Ballet's dark side: Joffrey's "Human Landscapes"

October 20, 2012
The DePaulia
Mary Ellen Shoup

Content

The historic Auditorium Theatre was the ideal escape from a rainy Wednesday evening as audience members shuffled into the architecturally-stunning venue to see the Joffrey Ballet’s first performance of the 2012-2013 fall season titled “Human Landscapes.”

The Joffrey Ballet, founded by its visionary teacher Robert Joffrey in 1956, is revered for its unwavering commitment to deliver the highest level of performance quality to a broad and varied audience. Wednesday’s mixed repertory performance was a testament to Joffrey’s dedication to performing world-class and artistically vibrant work.

As the golden glow from the 24-karat gold-leafed ceiling arches faded, the audience was greeted by Joffrey’s devoted executive director Christopher Clinton Conway. Conway warmly welcomed all in attendance and introduced the highly acclaimed Chicago Philharmonic as the accompaniment for the evening’s performance. A short “behind-the-scenes” film provided the audience with a glimpse into the countless rehearsals leading up to the opening night as well as some of the stylistic choices for each of the separate acts. The film concludes with Joffrey’s artistic director, Ashley C. Wheater, explaining that the purpose behind the evening’s final part, Kurt Jooss’ “The Green Table,” is to “ask ourselves how we move forward as a world.”

The first of the three-part performance was Jiri Kylian’s “Forgotten Land,” inspired by a painting of a women on a beach by Edvard Munch. The work begins with the backs of the dancers faced towards the audience as they move in pulsating unison. The music, replaced by whistling wind sound effects, created an imaginary chilling breeze within the theatre. Distancing themselves from the audience, the dancers continue on with their perfectly executed wave-like movements. This scene comes to an abrupt end as a clap of thunder from the orchestra pit frees the dancers from the conformity of their movements and into the interplay between men and women as they pair off by their respective colors of red, rose, black, cream and gray. Each pair deals with different themes of struggle and loss and as a member of the audience, you find yourself rooting for one pair to prevail among the insurmountable suffering. The female performers’ long-sleeved dresses flowed effortlessly, enhancing the varying degrees of circular motions present throughout this work. This hauntingly beautiful work ended on a somber tone but allowed for the audience to further explore our interpretation of human loss.

The haunting beauty felt in “Forgotten Land” maintains its presence in the second work of the evening, James Kudelka’s “Pretty Ballet.” But do not let the name fool you, the title serves as an exploration of the balance between romantic ideals and industrious purposes where movements involved quick, sharp and controlled changes of direction. Unexpected poses where dancers stand pigeon-toed, knees collapsed inwards with upper backs curved and heads drooped down remaining motionless on stage, were another major theme. What makes Kudelka’s work particularly moving is the duet between a ballerina, dressed in a ghostly-white long tutu and contrasting blood-red pointe shoes, and her partner. You cannot help but simply gaze in awe at how a beautiful relationship forms between the dancers and the music as well as an intensely emotional interpersonal relationship between the two performers. “Pretty Ballet” explores many aspects of humanity and you may find yourself more emotionally present at its conclusion.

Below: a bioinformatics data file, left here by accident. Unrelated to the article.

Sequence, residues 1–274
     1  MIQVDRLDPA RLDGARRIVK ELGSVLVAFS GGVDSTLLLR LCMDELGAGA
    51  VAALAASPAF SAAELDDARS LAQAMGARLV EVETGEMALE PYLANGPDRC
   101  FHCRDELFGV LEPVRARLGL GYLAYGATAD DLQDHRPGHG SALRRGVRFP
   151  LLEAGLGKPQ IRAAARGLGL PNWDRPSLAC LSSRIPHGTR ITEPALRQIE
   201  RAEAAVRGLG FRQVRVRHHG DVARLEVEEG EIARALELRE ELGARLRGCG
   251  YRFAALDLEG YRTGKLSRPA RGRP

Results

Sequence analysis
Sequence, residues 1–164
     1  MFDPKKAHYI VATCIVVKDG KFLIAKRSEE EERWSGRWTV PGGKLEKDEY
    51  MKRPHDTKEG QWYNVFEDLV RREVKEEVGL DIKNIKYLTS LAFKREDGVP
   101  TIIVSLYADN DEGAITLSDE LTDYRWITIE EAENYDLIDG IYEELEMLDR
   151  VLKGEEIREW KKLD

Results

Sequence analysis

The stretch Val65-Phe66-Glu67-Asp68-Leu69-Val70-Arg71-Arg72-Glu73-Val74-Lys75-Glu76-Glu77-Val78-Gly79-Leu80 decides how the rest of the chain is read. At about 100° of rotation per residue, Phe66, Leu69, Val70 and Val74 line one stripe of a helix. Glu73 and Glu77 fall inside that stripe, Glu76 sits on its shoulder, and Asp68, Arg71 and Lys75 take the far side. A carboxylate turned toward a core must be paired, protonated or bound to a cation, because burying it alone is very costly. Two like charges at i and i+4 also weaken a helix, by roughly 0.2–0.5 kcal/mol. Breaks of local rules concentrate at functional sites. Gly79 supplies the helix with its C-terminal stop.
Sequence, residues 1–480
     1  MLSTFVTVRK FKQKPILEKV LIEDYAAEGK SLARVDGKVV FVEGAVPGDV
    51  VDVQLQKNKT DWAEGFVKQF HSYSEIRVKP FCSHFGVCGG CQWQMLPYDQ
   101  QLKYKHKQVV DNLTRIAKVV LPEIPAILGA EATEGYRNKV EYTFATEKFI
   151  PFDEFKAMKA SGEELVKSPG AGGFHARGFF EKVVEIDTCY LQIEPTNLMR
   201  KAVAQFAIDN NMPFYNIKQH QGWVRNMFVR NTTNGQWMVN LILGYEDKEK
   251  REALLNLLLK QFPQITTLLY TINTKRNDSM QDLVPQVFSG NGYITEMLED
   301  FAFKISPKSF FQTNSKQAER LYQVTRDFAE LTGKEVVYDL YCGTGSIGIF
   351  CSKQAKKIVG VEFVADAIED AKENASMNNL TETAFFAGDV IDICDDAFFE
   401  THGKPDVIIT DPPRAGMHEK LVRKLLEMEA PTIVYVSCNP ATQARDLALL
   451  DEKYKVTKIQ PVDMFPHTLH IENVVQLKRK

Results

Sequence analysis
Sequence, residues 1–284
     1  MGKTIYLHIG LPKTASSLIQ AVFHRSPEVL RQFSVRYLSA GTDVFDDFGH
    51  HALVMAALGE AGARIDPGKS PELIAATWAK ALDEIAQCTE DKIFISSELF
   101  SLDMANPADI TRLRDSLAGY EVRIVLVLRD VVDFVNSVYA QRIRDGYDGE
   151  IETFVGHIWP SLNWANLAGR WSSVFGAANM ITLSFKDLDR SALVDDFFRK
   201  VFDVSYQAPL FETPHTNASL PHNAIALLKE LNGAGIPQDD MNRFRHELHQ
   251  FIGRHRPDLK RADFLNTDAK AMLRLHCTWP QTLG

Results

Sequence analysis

Ballet buff or not, the final part of the performance is highly engaging and will change the way you think about the ballet. Kurt Jooss’ “The Green Table,” subtitled “A Dance of Death in Eight Scenes,” was choreographed in 1932 after World War I speaking to the horrors of war with the theme of death forever towering in the background; it was the first ballet seen by 11-year-old Joffrey. The work opens up with 10 diplomats clad in tuxedo jackets and faux receding hairlines and bald spots unproductively negotiating with comical gesticulations around a slanted, rectangular table; this scene received a few chuckles from the audience as it was very entertaining to watch. The end of the meeting ends with simultaneous shots from 10 pistols symbolizing the declaration of war. Soldiers march off to war and must say good bye to their devastated wives, girlfriends and mothers. Multiple battle scenes unfold as Death, a towering figure who is truly the embodiment of everyone’s worst nightmare, makes his ominous entrance and performs his hypnotic dance. As much as you might want to him to disappear, he lingers in the background and different characters find themselves unable to resist his maniacal powers. “The Green Table” intensely addresses the concept of inescapable death.

Every single performer engaged not only their body but their mind and soul into the Joffrey’s performance of “Human Landscapes” and fearlessly tackled and explored dark dimensions of the human spirit. The dedication and unparalleled talent is palpable whether you’re sitting in the front row by the orchestra pit or all the way back in the nose-bleed seats. Partaking in this dynamic performance, coupled with the breathtaking setting, is the perfect way to spend an evening in Chicago.

“Human Landscapes” will be showing at the Auditorium Theatre through Oct. 28